Loki review: Marvel's beloved villain gets a charming second chance

www.vox.com
8 min read
fairly easy
Tom Hiddleston and Owen Wilson's Disney+ charm offensive works.
Loki is undoubtedly one of the most compelling characters Marvel has ever created. Played by the perpetually grinning Tom Hiddleston, Loki carried the first two Thor movies and pound-for-pound outshines every Avenger not named Tony Stark or Steve Rogers in the charisma department. He's also the most memorable villain in all of the Marvel Cinematic Universe — and please don't ask, "What about Thanos?" because while menacing, Thanos couldn't muster even a whiff of sympathy or compassion from me.

While so many of Marvel's villains end up being one-shot wonders, Loki stands out not just because he survives past one movie but because he never feels truly evil. Yes, he's very into alien invasions, turning Earthlings into his servants, and sometimes indirectly hurting his family, but he's also the product of a terrible childhood during which, because of his true nature (Loki is actually an adopted frost giant), he was never as loved or respected as his Thunder God brother, Thor.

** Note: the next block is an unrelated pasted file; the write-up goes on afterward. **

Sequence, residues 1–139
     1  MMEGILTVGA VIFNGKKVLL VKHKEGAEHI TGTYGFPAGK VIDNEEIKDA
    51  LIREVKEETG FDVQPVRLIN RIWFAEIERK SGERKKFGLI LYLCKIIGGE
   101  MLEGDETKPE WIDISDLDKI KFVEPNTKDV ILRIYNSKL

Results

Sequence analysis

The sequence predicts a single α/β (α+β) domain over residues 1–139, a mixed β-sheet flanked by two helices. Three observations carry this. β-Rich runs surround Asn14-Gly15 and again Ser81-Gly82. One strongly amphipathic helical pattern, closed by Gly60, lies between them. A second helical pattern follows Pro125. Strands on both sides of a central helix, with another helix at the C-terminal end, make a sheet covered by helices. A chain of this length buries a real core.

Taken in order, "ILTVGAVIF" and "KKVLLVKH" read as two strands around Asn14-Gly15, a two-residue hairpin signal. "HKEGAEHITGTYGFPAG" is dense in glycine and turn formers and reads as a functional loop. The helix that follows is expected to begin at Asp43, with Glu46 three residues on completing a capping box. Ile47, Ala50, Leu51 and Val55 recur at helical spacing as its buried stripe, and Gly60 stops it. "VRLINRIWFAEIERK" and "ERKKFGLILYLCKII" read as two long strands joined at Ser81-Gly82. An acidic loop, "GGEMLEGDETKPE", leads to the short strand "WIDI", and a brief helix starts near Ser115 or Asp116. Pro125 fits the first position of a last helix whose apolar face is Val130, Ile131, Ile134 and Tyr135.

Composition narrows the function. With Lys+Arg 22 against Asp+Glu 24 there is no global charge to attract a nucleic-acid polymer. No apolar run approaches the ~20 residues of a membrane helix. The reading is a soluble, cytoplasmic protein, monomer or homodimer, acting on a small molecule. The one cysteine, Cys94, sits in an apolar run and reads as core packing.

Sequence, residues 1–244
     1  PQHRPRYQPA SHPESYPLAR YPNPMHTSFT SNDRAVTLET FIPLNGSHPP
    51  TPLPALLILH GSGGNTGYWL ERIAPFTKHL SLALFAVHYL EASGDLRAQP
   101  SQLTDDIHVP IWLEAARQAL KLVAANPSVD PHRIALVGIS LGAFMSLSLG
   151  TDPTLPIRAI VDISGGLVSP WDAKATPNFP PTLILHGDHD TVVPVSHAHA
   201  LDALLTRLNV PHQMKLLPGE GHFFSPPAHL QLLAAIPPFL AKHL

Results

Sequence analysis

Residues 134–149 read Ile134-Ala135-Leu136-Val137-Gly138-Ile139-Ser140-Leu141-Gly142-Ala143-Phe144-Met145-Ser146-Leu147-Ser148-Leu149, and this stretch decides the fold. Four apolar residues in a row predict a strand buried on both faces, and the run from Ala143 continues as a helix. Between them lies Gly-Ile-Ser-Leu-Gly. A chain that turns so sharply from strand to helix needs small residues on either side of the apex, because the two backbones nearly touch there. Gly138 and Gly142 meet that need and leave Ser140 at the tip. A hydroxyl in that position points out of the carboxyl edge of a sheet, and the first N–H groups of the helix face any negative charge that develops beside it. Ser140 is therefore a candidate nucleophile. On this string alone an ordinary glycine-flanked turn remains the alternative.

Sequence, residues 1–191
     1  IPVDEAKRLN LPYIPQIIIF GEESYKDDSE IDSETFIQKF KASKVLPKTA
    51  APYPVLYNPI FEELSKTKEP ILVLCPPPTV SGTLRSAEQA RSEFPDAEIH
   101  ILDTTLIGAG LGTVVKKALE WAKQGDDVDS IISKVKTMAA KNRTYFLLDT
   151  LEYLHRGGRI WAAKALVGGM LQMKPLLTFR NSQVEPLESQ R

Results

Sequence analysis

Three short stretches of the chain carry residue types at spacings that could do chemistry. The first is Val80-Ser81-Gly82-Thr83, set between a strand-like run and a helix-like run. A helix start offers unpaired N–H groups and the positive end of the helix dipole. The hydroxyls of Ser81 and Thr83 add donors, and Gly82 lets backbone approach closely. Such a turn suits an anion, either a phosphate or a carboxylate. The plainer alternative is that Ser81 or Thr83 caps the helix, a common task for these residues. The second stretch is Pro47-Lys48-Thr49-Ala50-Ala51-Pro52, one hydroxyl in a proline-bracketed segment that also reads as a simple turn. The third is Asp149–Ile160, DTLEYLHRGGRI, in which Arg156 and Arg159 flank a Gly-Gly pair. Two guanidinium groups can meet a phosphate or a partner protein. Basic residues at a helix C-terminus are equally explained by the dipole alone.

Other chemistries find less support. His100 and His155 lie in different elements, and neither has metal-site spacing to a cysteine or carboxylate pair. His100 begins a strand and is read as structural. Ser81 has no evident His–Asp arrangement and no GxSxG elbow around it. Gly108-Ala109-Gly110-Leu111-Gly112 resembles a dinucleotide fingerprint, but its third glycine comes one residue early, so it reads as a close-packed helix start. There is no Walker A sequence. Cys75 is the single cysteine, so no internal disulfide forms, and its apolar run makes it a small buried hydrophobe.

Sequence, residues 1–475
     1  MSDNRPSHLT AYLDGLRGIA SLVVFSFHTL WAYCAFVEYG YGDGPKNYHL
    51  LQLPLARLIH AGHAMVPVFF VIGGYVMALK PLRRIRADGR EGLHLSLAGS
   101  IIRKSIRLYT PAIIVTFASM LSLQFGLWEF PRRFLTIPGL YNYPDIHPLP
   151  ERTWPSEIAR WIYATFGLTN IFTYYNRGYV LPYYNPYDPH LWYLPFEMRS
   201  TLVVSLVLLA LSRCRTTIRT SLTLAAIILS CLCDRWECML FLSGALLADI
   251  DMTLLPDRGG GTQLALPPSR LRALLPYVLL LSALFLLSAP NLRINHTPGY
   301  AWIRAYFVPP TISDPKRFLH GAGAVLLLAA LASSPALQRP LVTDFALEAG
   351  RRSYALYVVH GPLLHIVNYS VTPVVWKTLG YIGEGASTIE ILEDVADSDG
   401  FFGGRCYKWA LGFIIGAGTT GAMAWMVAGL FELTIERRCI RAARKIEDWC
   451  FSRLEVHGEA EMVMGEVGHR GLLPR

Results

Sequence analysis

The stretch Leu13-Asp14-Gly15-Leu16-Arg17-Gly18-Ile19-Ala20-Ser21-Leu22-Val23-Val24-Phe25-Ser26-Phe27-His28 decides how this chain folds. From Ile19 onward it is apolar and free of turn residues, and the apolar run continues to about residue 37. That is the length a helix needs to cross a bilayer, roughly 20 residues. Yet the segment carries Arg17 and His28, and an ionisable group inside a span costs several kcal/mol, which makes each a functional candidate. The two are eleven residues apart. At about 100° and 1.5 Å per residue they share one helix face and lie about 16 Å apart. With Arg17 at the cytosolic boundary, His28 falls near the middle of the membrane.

Maybe if he'd experienced a little more love and empathy, he'd be a little less diabolical and horny for backstabbing. MCU history has shown that when push comes to shove and the apocalypse is nigh, he will do the right thing. Love for Loki justifiably runs strong and deep.

Fittingly and finally, Marvel has capitalized on that love and given its most beloved antihero his own TV show. Well, sort of.

Loki is about a specific version of the character who, thanks to some time-meddling Avengers, is temporally displaced from the MCU's main timeline amid the events of the 2019 blockbuster Avengers: Endgame. The ripple effect of the Avengers' time-jumping in that film leads to there being two different Lokis — the one who would defend Asgard and die at Thanos's hand in Avengers: Infinity War, and this one, the one who gets his own TV series on Disney+ to inevitably show us what happens when the character gets a second chance at life with this twist of fate.

Two of Loki's six hour-long episodes were…
Alex Abad-Santos
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